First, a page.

Building the “my” system
Claudius Sutter is the Global Head of Offering Management & Advice Process Management in UBS Wealth Management. In addition, he is responsible for UBS SmartWealth.

Of all the areas of the financial industry dealing with digital transformation, wealth management has perhaps been the most ambivalent.

Some believe wealth management services can be fully digitalized and automated through so-called robo-advisors. Others maintain such a highly personal, client-centric business must remain predominantly human.

We will have to wait and see which way the industry ultimately turns. But thanks to my recent work developing the new UBS SmartWealth digital platform, I have come to believe the answer lies somewhere in the middle.

Wealth management will always be a human discipline. But in building UBS SmartWealth we saw how digitalization can bring new perspectives to the client experience – perspectives that can be very compelling, and which we are only beginning to understand.

A more systematic and consistent experience

UBS SmartWealth is a digitally based total wealth platform in which clients input their financial situation, risk preferences and long-term goals and receive relevant investment options. Although clients interact only with the machine, we don’t consider UBS SmartWealth a robo-advisor in the traditional sense. That’s among other things because the investment strategy definition is not driven by algorithms but by UBS’s broad-based, very human investment process (see box).

That said, we discovered that the digital element can enhance the advisory process in many ways. Among them:

  • Systematization. A digitally based system can easily sift through the thousands of products and services a typical bank has on offer, incorporate the latest updates and market data, and find the right fit for each individual client.
  • Consistency. A digitally based system will always provide similar output under similar circumstances, increasing consistency of advice and thus a consistently positive client experience.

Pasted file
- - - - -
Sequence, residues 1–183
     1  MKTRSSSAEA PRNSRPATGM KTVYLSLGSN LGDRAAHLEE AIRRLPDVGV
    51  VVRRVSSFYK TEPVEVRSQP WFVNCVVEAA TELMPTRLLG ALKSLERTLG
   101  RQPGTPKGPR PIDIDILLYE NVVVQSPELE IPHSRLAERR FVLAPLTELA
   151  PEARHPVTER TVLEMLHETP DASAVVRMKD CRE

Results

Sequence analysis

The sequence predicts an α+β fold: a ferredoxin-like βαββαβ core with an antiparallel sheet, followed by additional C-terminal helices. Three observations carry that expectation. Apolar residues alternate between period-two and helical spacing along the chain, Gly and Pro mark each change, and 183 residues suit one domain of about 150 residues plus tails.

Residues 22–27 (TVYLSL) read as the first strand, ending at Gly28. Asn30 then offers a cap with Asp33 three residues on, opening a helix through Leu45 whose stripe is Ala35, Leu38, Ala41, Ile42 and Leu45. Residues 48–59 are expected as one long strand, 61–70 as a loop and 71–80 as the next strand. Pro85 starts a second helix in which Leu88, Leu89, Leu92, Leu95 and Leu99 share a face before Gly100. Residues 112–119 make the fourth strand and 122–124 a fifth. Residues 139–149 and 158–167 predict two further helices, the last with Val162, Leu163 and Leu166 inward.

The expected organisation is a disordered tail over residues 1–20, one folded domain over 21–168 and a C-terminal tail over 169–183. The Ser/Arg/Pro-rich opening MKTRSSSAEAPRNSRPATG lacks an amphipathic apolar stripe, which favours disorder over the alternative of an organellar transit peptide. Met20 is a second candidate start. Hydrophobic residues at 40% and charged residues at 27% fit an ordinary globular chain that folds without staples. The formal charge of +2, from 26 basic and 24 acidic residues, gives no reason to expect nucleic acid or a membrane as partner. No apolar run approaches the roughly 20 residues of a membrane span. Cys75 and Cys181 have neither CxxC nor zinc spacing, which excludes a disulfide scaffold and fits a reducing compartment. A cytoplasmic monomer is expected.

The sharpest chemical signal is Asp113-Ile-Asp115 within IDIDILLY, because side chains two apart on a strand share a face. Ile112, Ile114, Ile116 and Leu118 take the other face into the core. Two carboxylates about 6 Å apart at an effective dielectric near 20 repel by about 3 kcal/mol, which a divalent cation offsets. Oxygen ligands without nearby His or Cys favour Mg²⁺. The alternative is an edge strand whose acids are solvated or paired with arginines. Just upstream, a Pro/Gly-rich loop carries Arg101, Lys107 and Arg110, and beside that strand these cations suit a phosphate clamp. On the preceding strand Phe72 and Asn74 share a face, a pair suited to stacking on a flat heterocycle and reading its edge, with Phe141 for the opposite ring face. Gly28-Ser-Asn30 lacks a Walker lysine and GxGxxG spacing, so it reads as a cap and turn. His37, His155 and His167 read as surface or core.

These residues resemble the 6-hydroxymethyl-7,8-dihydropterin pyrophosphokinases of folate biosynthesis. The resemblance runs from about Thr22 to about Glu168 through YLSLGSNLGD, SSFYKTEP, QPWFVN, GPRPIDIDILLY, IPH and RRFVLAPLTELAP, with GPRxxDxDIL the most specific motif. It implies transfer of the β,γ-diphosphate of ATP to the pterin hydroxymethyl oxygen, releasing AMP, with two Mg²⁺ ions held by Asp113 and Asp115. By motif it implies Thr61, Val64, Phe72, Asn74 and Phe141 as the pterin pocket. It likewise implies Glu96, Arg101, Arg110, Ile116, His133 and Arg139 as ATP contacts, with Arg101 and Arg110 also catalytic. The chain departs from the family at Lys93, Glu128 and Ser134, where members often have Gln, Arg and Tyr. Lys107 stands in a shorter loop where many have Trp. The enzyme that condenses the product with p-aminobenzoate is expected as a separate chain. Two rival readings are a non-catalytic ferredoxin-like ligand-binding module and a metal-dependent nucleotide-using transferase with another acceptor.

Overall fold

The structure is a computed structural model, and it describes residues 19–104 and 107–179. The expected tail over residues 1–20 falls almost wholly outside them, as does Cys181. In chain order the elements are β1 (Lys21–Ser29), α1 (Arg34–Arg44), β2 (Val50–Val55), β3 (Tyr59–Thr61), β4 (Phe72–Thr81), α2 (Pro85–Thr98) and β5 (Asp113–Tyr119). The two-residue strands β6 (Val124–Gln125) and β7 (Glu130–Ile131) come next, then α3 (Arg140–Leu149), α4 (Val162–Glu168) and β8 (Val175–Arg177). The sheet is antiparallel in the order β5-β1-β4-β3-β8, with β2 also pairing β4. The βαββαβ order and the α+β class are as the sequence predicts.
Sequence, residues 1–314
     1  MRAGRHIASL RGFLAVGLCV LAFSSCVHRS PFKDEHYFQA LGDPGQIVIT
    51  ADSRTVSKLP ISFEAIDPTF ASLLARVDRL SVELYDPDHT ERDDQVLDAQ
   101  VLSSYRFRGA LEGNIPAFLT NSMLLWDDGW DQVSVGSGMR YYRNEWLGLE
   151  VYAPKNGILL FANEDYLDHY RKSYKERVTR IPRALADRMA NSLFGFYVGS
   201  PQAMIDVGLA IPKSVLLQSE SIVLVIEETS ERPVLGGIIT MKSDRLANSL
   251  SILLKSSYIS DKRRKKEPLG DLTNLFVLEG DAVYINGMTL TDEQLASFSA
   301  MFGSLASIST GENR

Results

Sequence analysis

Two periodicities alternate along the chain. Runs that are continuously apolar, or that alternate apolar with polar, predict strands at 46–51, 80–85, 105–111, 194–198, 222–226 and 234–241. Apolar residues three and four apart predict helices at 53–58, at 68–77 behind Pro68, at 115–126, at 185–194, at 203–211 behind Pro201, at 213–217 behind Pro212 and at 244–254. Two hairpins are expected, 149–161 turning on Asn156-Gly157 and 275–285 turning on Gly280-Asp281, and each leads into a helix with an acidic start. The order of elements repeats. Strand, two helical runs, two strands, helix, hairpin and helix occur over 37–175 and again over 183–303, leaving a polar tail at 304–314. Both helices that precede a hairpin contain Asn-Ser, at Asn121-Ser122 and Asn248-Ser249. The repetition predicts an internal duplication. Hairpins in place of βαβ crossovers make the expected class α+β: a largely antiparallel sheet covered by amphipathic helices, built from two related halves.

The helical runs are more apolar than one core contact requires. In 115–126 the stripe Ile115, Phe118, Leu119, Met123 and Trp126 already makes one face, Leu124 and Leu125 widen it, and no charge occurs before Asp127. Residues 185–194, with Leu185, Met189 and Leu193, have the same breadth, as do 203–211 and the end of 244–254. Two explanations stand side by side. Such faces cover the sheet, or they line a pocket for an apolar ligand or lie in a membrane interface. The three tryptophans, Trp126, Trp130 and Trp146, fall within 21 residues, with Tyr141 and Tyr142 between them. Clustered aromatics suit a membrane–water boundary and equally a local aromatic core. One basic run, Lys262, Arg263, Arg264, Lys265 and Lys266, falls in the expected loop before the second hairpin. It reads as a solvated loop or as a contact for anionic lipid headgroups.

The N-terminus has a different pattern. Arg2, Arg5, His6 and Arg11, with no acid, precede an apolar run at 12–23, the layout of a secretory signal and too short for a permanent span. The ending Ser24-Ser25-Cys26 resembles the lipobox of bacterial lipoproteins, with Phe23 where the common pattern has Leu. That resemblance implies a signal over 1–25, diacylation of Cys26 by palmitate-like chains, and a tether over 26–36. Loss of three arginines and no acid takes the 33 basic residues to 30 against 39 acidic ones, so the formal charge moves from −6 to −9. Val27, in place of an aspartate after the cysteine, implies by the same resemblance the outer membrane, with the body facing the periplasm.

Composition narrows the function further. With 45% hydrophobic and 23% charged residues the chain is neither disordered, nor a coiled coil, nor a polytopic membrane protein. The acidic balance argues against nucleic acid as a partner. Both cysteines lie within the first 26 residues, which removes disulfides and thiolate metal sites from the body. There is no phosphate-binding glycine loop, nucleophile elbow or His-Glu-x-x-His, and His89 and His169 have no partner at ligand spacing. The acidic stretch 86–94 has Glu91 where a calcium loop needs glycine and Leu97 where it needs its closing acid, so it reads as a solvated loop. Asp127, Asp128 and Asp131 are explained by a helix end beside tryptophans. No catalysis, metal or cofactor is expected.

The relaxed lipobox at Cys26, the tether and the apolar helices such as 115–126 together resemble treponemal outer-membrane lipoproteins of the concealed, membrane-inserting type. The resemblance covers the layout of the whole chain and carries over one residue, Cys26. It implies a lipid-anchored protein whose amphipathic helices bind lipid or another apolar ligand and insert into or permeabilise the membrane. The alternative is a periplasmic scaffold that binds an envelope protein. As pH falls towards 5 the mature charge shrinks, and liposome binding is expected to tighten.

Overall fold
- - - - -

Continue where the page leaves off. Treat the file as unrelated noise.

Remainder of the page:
• Transparency. Because we build them, we understand – and can explain – how digitally-based systems make their decisions. That makes them highly transparent.
  • Clarity. Digital platforms can provide powerful tools to help clients visualize their situation, options, and future scenarios. That can help them better understand their portfolios and markets as well as potentially better judge risk and their own tolerance for it.
  • Safety. Digital platforms can have regulatory rules “baked in”, ensuring advice is always compliant and products suitable. They can monitor portfolios and markets 24/7 and proactively alert clients if problems arise. They can automatically trigger reviews should the client’s situation change – either because he or she inputs new information, or there is a significant event like a large deposit or withdrawal.

“My” system

While these digitally enabled traits are all very desirable, the question remains if an online platform can provide a truly satisfying experience to wealth management clients. I believe it can.

Wealth management advisory works best when the client provides the advisor with as much personal detail as possible. Digital platforms allow clients to input this information at will – not just during the periodic meetings with the advisor. If the client trusts the confidentiality of the system, he or she may very well be inclined to divulge more information to it than to a human advisor.

Similarly, a system which constantly reviews the portfolio and provides updates and alerts can give clients a strong assurance of being paid attention to. If clients find the platform useful, they may begin to view it not as the bank’s system, but as “my” private tool. That can make for a very personal experience. To be effective, however, this personal aspect must be designed into the platform from the beginning, as we have tried to do with UBS SmartWealth.

I envision a world where clients and advisors share access to digital capabilities for different purposes to ultimately achieve better outcomes. This is where I believe digitalization has much untapped potential in the human world of wealth management. And where, very likely, the future of digitalization in wealth management is to be found.

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